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Re: Query on UTF-32 encodings for letters


> Uppercase letters aren't accented in France

That is a (very commonly held) myth. Even many French people think this, but
it is wholly false. The true situation is that in classical typography,
upper case letters were always accented. Then typewriters came along and
it became customary to omit the accents. So widespread did this custom
become that many french schools taught that this was the preferred rule.
However, formally typeset material continued to use accents on upper
case letters. But this was never official usage. In fact I had a friend
Pascal Cleve (there is an accent grave over the first e), whose father
was denied some government benefit on the grounds that his name was
spelled wrong in his passport (without the accent). He bounced back
and forth between govt departments until finally the passport department
got the first typewriter in France that could put accents on upper case
letters.

I learned about this first from Alfred Strohmeir, working together on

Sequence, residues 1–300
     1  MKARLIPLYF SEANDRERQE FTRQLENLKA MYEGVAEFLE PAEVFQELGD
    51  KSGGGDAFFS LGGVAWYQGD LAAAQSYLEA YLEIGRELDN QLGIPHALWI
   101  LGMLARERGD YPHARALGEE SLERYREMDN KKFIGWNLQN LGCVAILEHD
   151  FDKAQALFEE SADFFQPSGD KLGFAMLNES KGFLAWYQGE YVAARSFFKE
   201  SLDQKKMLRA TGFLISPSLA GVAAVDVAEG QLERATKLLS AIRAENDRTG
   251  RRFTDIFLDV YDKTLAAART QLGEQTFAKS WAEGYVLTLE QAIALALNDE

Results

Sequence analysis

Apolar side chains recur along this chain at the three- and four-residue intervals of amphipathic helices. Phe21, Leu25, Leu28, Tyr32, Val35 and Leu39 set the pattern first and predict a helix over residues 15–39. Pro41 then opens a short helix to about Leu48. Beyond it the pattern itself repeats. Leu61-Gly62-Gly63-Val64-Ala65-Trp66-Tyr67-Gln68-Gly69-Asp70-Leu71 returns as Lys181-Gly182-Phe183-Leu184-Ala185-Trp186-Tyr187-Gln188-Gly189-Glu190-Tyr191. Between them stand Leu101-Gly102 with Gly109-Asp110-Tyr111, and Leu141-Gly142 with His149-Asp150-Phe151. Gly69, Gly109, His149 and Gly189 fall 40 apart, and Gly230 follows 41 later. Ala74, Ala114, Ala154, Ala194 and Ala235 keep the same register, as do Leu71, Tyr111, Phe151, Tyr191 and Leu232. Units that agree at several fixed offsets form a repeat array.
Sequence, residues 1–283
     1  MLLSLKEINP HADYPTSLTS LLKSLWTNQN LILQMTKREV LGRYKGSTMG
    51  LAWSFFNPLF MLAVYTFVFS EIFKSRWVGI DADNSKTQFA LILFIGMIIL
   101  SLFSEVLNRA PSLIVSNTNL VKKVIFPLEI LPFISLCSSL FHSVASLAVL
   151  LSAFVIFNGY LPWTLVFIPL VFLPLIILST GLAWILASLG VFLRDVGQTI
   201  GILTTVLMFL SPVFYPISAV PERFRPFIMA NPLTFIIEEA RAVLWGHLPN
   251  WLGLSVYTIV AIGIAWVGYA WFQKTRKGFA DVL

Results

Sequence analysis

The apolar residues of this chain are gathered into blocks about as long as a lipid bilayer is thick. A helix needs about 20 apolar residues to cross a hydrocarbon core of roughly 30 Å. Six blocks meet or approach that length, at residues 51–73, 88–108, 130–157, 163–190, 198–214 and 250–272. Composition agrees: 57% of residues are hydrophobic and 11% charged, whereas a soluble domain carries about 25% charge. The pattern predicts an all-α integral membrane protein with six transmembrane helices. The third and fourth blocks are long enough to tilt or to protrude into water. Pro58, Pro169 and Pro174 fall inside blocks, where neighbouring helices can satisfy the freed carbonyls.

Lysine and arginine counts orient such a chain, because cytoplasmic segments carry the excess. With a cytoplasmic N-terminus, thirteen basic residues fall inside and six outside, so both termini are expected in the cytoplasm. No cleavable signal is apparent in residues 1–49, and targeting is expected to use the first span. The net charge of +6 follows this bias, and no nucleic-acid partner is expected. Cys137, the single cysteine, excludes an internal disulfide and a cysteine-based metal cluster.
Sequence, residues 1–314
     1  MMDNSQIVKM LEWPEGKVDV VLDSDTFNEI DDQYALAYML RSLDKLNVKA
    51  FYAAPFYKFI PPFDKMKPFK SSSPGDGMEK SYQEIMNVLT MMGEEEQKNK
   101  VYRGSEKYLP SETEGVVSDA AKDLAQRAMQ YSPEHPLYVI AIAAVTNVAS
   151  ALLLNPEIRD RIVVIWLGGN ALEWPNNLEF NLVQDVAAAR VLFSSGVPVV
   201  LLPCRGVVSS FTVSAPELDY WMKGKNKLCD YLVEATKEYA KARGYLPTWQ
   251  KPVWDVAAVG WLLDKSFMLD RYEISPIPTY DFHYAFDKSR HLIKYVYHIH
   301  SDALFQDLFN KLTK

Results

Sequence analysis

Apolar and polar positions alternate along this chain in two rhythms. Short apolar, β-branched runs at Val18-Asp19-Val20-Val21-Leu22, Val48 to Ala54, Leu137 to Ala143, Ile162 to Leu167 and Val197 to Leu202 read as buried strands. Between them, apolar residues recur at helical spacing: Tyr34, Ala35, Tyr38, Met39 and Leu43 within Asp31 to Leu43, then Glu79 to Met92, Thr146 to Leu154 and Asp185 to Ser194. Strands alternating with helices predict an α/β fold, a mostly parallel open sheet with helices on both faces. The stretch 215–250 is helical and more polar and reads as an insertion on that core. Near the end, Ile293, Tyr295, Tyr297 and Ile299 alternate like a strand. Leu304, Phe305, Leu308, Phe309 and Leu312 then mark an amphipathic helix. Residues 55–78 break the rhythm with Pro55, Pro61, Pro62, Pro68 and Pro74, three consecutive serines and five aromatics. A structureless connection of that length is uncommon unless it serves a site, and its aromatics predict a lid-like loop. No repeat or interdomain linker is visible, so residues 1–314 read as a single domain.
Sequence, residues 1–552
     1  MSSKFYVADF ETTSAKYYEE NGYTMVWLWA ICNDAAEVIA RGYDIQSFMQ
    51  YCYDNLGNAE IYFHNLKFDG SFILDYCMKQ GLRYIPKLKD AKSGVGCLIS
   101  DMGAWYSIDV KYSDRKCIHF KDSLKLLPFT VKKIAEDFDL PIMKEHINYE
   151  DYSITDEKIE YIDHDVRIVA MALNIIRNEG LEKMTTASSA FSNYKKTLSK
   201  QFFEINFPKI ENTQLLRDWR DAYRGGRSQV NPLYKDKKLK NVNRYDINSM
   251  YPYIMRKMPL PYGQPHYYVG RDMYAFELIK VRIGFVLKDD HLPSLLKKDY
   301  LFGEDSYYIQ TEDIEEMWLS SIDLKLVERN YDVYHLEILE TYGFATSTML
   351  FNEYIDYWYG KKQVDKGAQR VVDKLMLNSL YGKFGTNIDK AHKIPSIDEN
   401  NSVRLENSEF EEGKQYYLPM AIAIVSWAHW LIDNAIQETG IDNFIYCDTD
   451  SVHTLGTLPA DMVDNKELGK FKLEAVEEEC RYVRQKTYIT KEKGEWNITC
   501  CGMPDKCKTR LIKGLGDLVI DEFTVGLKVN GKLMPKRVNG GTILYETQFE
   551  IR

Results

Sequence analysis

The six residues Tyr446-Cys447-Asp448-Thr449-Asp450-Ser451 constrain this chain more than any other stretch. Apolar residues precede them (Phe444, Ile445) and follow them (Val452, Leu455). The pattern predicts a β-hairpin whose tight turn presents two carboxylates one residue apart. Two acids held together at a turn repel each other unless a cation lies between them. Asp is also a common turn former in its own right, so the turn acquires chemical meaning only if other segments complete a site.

the Ada 9X CRG (character rapporteur group -- we had banned all
discussion of characters from the main language group, so I chaired
the CRG to which all such discussions were consigned).

When I told Jean Ichbiah about this, he was adamant that I was wrong.
Luckily we were at his home which has an extensive French library, so
I sent him off to look for a typeset example of a missing accent.
After excusions through many examples (e.g. Journal Ecole ... with
accent acute on the E of course), he could not find ONE example to
back his point of view, and we found dozens that confirmed this.

> Uppercase letters aren't accented in France, but they are in Quebec.
> (That doesn't affect folding to lowercase, of course, but it does
> affect case-insensitive equality).

No it jolly well does not :-)
Not for identifiers at least.

> An example that affects folding to lowercase: I folds to i-without-dot
> in Turkish.  Those aren't in Latin-1, but they are in the Latin
> section of 10646.

Yes, but for Ada, we can consider identifier matching to be only in the
mode of folding to upper case, which takes care of the dotless i since
this folds to upper case I.

I know about this latter case, and I deal with the French accent case
above, do you know of any other cases?

Ok, fair enough, I was thinking more of the runtime case in my
comments.

At runtime, it seems that there may be many conventions, and indeed it is up to the programmer to follow rules appropriate to the particular application domain.

What makes Ada different is the requirement for absolutely defined
legality rules about what is allowed in identifiers and when they
compare equal.



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